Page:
Good grief. The ideas presented in the afterword Twenty-Two Theses on Nature are “all-encompassing”. The statements often proved much more verbose than required to portray an idea. Nevertheless, the overall concepts extended from the theses are agreeable.
First, given our ecological crisis of today, Man versus Nature is no longer an option. “We can no longer think of Nature as one side of a binary opposition”. With a continued practice of this idiom, our world resources will continue to decline, and our human population will continue to struggle against a Whole much larger than ourselves.
Second, Nature has always been, and always will be. “The radical unknowability of Nature is not an epistemological constraint; it is a basic, and positive, ontological feature of Nature itself. Regardless of the affects Man has imposed upon Nature, humanity’s understanding of Nature is that it will persist past our timeline. Planets, moons, stars, galaxies, and solar systems will all endure.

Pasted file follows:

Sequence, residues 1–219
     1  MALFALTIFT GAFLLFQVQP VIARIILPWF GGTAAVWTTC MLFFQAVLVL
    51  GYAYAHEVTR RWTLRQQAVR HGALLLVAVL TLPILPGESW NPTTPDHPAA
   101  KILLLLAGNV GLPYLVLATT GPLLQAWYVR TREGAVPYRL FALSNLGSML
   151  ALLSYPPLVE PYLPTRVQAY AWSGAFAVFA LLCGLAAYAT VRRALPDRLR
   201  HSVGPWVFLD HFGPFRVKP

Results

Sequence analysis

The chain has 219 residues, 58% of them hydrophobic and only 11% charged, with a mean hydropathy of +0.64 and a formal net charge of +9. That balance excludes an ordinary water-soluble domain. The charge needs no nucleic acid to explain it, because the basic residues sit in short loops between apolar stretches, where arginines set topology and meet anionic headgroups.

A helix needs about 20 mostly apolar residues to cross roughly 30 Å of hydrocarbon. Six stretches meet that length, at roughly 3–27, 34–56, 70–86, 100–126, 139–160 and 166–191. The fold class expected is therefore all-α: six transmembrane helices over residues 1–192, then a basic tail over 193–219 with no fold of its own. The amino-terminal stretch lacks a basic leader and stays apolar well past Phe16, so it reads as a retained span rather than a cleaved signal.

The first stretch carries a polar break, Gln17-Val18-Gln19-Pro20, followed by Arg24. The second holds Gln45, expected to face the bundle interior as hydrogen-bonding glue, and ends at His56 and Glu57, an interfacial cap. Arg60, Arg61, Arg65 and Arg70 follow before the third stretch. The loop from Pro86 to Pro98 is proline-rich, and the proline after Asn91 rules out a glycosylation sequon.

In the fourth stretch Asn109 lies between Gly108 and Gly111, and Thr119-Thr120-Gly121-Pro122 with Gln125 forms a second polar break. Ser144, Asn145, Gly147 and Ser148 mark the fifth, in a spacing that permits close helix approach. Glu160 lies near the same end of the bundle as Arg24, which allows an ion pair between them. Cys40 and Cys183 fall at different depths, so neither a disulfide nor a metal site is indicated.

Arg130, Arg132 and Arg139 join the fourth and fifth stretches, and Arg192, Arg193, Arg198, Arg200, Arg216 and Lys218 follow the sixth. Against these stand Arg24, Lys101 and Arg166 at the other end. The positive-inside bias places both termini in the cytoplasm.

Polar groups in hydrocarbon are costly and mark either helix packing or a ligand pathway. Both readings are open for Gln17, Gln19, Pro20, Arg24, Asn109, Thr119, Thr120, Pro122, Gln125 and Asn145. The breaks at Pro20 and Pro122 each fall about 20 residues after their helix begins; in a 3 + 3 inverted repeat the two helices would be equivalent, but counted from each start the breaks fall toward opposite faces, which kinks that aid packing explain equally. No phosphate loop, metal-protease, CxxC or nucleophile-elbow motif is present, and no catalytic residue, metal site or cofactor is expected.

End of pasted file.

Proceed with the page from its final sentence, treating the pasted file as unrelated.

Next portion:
Third, Nature is a loose construct with much to still be discovered. “Perception is only a particular sort of causality. When I perceive something, this means that the thing in question has affected me in some way”…”But if I’m affected by something, then that something has had an effect upon me.” And “I am often affected by things without overtly perceiving them. I feel the symptoms of a cold, but I do not sense the virus that actually causes me to fall ill.” Humans have adeptly realized the extent of our ecological crisis through the construct of Nature. Global warming directly swells Earth’s oceans, and species suffer as habitats are rapidly dissolved, all due in part to the implicit nature of humanity. Humans are the virus to the Nature of Earth. We see the symptoms, but a virus cannot contain itself from spreading.
Given these Twenty-Two Theses on Nature, I find it intriguing to consider further developing the current concept of human nature. To perceive “human nature” not as the essence of humanity, but as a descriptor of the adapted environment around us. Nature will continue to exist, but humanity has developed a perceived control of nature through food production and technology. Given Nature is a loose construct, I encourage us all to consider if “human nature” could mean a Nature where humans adapt to better coexist and provide nature and resources to the world.